Still, tracing the narrative—and especially considering the reason I'm pursuing this other Falvey—it might be easy to assume otherwise. So I revert to that very possessive-sounding phrase, "my Johanna," when I talk about my husband's second great-grandmother. While I certainly don't mean to sound exclusionary, it is important to delineate just who is who—and who is connected to which line. With these Falveys—and their ever-present relatives, the Sullivans--it is apparently important to make that distinction.

Friday, September 25, 2020

A Bit About Bridget


Pursuing not one but three Falvey siblings in my quest to discover anything more about my husband's second great-grandmother, Johanna Falvey, has meant relying on DNA matches to help guide my way. Though at least I know that Johanna came from County Kerry, either there are not enough complete record sets still in existence, back in that Irish homeland, or I have yet to find them. Thus, my delight in discovering my husband's DNA match with descendants of two Falvey siblings who immigrated to Chicopee, Massachusetts more than ten years prior to our Johanna's arrival in Fort Wayne, Indiana.

Of those two Falvey siblings, we've already discussed the brother, Mark. Today, let's see what we can find about his younger sister, Bridget. Fortunately, with the record-keeping penchant in Hampden County, there were quite a few documents to lead us through her life's timeline—a short one, unfortunately, as we'll see today.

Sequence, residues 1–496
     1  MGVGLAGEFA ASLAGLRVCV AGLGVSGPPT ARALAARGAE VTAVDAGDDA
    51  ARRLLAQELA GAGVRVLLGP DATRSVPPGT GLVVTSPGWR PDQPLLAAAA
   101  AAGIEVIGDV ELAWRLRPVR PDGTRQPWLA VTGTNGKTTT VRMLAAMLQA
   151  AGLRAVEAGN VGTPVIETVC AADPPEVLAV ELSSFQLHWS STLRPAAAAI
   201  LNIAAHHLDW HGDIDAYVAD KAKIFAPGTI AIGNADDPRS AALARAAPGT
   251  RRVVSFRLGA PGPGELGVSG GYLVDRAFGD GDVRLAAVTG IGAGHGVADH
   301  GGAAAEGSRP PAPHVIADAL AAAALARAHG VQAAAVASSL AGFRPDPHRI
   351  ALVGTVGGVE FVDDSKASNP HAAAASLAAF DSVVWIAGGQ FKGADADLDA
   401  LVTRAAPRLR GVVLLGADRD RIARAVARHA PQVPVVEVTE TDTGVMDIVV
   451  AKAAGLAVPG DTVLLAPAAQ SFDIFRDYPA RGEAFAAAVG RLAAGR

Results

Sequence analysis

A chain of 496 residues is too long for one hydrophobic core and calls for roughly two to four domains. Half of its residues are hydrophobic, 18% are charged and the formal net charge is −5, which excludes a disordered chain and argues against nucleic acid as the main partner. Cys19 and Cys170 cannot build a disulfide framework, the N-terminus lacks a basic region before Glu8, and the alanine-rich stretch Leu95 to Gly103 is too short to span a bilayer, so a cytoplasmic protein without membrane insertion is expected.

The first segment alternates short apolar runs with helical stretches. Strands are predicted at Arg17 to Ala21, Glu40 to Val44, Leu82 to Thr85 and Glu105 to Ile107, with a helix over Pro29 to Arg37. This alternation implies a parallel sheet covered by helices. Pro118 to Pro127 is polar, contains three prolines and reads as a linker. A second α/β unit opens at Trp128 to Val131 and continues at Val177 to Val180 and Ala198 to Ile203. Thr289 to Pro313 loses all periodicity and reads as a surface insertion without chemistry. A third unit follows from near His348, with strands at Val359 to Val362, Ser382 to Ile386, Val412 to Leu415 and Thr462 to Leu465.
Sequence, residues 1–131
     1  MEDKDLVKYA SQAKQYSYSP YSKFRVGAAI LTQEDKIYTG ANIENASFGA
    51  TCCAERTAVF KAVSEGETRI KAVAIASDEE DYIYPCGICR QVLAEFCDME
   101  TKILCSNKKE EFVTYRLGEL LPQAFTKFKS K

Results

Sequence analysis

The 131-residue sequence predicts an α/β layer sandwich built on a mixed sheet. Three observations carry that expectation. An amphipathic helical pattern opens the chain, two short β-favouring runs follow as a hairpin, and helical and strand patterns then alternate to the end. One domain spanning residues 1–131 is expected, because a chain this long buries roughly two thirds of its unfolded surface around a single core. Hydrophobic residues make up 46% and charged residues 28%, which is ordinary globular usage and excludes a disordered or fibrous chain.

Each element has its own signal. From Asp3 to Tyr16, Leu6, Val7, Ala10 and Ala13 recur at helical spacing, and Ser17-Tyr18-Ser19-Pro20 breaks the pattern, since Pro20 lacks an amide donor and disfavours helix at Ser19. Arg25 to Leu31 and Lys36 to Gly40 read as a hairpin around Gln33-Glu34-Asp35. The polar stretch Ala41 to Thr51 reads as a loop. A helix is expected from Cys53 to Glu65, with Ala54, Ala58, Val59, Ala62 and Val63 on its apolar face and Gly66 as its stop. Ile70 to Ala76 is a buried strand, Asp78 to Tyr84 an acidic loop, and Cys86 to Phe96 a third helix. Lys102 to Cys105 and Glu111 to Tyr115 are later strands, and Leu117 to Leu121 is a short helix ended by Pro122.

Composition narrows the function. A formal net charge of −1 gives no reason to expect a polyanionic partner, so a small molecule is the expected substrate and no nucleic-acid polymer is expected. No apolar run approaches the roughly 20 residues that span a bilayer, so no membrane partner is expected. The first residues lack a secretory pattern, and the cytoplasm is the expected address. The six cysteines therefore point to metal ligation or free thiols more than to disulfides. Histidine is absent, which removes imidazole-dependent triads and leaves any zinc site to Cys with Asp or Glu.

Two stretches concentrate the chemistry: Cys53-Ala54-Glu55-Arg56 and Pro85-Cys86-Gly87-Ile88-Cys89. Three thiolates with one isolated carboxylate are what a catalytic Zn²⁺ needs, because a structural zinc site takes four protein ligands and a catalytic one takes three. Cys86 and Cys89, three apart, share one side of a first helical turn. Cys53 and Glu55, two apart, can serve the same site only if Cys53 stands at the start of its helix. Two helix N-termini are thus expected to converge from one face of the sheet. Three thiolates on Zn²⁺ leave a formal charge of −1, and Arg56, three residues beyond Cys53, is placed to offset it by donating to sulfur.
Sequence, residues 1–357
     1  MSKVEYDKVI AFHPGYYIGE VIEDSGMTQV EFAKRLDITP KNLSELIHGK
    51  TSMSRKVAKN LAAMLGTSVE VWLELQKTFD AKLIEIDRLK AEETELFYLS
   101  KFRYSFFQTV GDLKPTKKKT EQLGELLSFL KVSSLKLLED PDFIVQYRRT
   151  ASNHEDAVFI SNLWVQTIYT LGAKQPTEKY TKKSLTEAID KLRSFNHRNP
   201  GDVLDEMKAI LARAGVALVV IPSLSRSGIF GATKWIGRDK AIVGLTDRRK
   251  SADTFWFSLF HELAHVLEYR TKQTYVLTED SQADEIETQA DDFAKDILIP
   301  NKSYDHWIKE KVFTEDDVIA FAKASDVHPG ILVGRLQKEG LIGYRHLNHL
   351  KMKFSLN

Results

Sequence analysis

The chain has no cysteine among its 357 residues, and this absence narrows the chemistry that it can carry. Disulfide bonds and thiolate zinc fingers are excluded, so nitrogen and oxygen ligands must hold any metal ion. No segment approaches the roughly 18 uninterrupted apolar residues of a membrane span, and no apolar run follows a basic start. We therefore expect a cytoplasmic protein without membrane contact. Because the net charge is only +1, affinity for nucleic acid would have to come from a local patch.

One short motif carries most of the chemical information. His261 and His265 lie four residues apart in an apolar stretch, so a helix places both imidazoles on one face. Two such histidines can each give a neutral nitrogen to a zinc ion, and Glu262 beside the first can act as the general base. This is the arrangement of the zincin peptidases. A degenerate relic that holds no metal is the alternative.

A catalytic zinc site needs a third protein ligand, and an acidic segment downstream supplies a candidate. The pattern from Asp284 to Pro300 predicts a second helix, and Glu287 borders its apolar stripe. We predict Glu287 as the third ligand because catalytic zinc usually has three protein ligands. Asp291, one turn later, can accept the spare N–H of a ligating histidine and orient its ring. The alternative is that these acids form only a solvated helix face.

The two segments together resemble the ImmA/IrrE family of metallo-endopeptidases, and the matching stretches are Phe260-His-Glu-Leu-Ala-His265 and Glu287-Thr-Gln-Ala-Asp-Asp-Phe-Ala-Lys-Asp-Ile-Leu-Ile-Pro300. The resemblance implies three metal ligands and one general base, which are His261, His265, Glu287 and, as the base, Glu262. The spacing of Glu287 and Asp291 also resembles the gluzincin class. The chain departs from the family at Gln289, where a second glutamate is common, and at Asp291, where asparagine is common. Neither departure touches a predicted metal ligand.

Because women, at that time, did not usually apply for naturalization, we don't have such a record available to us for Bridget. It is unknown, at this point, whether she traveled with her brother, or followed him to Massachusetts after he found employment and sent for the rest of the family.

So far, my first sighting of Bridget Falvey in America was courtesy of the marriage register for Chicopee. On October 11, 1862, Bridget Falvey and James O'Brien, both residents of Indian Orchard, had their marriage vows solemnized by the Catholic priest at Chicopee. He, the son of John and Hannah O'Brien—women, again, appearing without mention of their maiden name—was twenty seven at the time; Bridget was seven years younger.

From that point through the next decade, Bridget's name appeared with regularity in Chicopee records. In 1865, it was to welcome the O'Briens' firstborn son, Thomas, on April 5. By that time, the couple had settled in Chicopee Falls, presumably to live closer to James' factory work.

Again, in 1867, the O'Briens' second son, James, was recorded as arriving on February 5. That, however, was a life not destined to last long, for the child was gone before his second birthday, dying on September 26 of 1868.